Standing Side Bend
Stand sideways beside your tree partner with your right side facing the tree and your feet firmly planted. Place your right hand against the tree’s trunk at about shoulder height with your elbow bent. Breathe. Press your left hip away as you bring your left arm up and overhead so that your left fingers touch the tree. Roll your left shoulder back and open as you breathe into the side bend. Feel the space in your side ribs. Stay for a few breaths or as long as you like. Release by lowering your raised arm and returning to an upright posture. To repeat on the other side, you can turn around, OR you can walk to the other side of the tree!
Standing Back Bend
Stand with your spine toward the tree, fairly close to the tree’s trunk. With your feet solidly placed (allow yourself to feel each footprint, including your toes, touching and connecting with the ground), reach up with your arms, elbows bent, and hold the trunk of the tree with your palms. As you keep length in your spine, gently let your hips press forward. Lift your heart and your gaze. Keep breathing. Hold for as long as you’d like, at least a few breaths. The back of your head may touch the tree. If you are comfortable here, you can deepen the backbend, imagining a smooth arc in your spine as your heart and gaze lift. To release, lower your arms and gently let your lengthened spine return to vertical.
Downward-Facing Dog Pose (Adho Mukha Svanasana), variation
Stand facing your tree partner, very near. Place both hands beside each other on the tree trunk at shoulder height. Now, lengthen through your spine, ground through your feet and toes, and engage through your core. Breathe. Begin to hinge from your hips as you walk your hands down the tree and as you step your feet back away from the tree, keeping a long spine. Press up and back through your tailbone, creating a long line of horizontal energy through your spine and neck. When your spine is parallel with the ground, hold there and breathe, or walk your hands even lower, as long as you can maintain length in your spine. Avoid rounding your back. Hold the pose as you breathe. Release by going out of the pose the way you came in, hinging up from your hips as you walk your feet and legs in closer to the tree and walk your hands up the trunk to a comfortable level against the tree. Release your arms and experience your energy, noticing how you feel.
Warrior Pose III (Virabhadrasana III), variation
Standing in front of your tree partner, place your hands upon its trunk. If the tree trunk is of a width that will allow you to place your hands on either side of it without straining your shoulders, do that. Bring attention to your feet and allow them to connect you with the energy of the Earth. Begin to walk back as you hinge from the hips and walk your hands down the tree while keeping alignment with your shoulders, arms and hands. When your hips are hinged to a right angle, pause, then on inhale, extend your left leg so that your body forms a long line from the foot of your extended leg to the crown of your head to the hands which rest upon your tree partner for support. Breathe. Engage your core by lifting from your pelvic floor. Hold for 3 or more full, deep breaths. What are you experiencing? What are your feelings, sensations, and perceptions? Are you fully in your body in the pose? Imagine sending your breath into the areas of greatest sensation, and see if you can soften. To release, gently lower your left leg until your foot touches the ground beside your right foot. Hinge back up from your hips as you walk your feet forward and walk your hands back up the tree to your starting stance. Repeat on the other side.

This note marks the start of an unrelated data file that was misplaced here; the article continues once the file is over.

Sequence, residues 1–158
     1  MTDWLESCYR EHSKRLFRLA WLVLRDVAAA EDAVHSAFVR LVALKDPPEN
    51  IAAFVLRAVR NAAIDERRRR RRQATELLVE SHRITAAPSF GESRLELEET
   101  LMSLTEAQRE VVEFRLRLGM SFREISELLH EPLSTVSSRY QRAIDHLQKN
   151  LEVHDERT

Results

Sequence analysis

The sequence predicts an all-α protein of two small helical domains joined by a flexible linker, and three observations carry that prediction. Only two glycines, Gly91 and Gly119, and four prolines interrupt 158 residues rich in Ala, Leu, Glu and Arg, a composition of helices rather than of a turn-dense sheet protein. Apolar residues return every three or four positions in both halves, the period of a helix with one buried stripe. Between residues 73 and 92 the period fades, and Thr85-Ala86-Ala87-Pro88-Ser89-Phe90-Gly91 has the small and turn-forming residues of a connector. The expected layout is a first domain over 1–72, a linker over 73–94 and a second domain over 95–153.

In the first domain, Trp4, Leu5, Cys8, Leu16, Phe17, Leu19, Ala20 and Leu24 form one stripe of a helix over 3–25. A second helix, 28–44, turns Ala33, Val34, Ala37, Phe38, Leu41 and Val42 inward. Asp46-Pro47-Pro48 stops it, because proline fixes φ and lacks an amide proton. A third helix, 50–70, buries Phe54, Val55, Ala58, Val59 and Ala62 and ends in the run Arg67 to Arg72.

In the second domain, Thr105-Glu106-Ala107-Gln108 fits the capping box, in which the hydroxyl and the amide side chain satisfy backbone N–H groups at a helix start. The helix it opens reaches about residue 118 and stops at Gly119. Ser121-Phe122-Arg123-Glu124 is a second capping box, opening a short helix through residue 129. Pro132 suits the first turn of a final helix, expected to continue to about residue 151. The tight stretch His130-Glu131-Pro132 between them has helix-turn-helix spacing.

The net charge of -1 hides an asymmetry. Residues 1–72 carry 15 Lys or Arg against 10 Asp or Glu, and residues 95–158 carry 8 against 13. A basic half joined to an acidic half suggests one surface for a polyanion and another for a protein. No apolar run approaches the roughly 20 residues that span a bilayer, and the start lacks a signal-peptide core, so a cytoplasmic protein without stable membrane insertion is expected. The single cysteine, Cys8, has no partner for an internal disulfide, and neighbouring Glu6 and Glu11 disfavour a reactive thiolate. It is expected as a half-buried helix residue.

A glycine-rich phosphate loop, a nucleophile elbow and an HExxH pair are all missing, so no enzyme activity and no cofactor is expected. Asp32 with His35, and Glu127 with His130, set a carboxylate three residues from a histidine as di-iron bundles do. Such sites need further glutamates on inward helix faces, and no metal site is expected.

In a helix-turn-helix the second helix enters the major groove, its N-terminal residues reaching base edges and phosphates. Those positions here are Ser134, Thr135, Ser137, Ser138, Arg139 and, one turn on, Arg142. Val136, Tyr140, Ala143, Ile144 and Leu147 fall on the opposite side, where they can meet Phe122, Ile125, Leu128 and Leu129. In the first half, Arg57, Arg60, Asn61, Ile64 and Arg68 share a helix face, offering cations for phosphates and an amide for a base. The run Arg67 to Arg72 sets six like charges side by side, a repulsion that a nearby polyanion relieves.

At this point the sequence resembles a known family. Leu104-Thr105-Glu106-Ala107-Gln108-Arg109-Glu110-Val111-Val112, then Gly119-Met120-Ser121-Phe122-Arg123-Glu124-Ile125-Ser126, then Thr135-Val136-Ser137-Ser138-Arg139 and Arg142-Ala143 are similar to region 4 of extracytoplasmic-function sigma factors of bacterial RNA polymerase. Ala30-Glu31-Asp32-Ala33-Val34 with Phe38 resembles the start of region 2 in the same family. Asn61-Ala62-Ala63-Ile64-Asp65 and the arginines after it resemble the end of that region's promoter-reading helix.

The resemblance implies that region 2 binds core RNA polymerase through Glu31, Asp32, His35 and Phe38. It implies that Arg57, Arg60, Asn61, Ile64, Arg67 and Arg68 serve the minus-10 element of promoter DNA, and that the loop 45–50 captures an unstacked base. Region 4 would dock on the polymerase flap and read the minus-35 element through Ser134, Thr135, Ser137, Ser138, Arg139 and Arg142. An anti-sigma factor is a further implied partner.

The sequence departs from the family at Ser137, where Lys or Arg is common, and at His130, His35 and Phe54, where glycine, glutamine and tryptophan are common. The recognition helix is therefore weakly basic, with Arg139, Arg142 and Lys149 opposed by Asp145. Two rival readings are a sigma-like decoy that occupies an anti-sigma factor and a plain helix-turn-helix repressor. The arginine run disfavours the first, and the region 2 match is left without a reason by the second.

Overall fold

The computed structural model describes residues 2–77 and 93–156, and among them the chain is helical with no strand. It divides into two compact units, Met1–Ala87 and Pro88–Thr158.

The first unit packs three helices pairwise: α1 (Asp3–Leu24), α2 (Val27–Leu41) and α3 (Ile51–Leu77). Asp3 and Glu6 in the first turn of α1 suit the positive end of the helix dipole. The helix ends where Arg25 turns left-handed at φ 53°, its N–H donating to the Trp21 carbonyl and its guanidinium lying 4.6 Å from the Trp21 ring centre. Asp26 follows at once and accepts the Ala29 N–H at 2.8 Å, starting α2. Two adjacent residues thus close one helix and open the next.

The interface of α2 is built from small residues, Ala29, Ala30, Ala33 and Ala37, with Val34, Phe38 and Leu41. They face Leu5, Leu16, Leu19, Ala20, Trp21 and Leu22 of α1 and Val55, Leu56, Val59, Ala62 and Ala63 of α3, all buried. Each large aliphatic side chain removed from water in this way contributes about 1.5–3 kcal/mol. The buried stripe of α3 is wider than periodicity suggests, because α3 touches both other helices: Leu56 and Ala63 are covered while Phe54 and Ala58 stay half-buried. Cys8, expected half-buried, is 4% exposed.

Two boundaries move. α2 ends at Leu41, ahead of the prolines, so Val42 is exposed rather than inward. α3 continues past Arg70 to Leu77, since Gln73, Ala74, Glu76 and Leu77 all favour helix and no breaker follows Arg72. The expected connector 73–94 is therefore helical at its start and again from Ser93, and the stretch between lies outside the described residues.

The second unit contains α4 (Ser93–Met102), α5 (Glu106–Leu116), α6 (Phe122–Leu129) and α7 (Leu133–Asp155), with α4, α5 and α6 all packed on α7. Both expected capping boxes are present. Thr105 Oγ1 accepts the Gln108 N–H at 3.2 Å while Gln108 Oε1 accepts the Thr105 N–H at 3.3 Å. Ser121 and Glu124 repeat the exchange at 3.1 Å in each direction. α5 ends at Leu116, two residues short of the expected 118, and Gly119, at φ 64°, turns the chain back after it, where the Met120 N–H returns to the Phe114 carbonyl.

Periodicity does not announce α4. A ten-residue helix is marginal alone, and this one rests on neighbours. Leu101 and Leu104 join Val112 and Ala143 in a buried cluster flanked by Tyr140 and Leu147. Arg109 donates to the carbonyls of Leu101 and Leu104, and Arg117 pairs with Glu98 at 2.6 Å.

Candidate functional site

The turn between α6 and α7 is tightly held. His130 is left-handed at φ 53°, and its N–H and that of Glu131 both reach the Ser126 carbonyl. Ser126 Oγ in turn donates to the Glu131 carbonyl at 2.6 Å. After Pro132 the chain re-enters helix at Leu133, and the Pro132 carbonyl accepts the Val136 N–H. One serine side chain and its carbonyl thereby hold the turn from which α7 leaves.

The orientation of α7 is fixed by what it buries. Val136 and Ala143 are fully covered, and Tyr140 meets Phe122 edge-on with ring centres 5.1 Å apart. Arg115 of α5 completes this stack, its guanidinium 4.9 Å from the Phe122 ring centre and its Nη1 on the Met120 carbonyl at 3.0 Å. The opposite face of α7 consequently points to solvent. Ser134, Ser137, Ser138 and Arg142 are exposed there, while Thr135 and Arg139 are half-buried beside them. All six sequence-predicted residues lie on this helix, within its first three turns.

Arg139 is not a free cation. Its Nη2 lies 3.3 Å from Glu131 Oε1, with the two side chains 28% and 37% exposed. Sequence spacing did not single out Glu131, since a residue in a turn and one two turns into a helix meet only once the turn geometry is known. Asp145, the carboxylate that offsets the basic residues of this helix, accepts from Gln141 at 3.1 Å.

Tree Pose (Vkrsasana)
Stand sideways beside your tree partner and really get a sense of rooting. Be aware of the tree’s roots. Then be aware of your own! Bring the hand closest to the tree into contact with the trunk (let’s say this is your right hand), elbow bent. Swivel your left hip to the left as you bend your left knee and plant the sole of your left foot against your inner right leg. Let this be a comfortable position, so perhaps the sole of your left foot is against the inside of your lower right leg or maybe even your upper right leg. (Or, you can leave your left toe on the ground with the knee open out to the left.) Smile. Breathe. Feel how you can mimic your tree partner by rooting and reaching at the same time. Imagine dropping energy down to the Earth from your lower spine, while letting your heart rise and shine, and reaching up with your mid and upper spine as you mimic growing tall and opening your crown. Raise your left arm. Then, lower your extended left arm down to shoulder height with your palm open. Imagine a little bird coming to sit in your hand. Breathe. Smile. Find something to look at that is not moving, and connect your gaze softly to that point as you explore balance by moving your right hand off the tree. Walk around the tree, or just turn around, and repeat on the other side!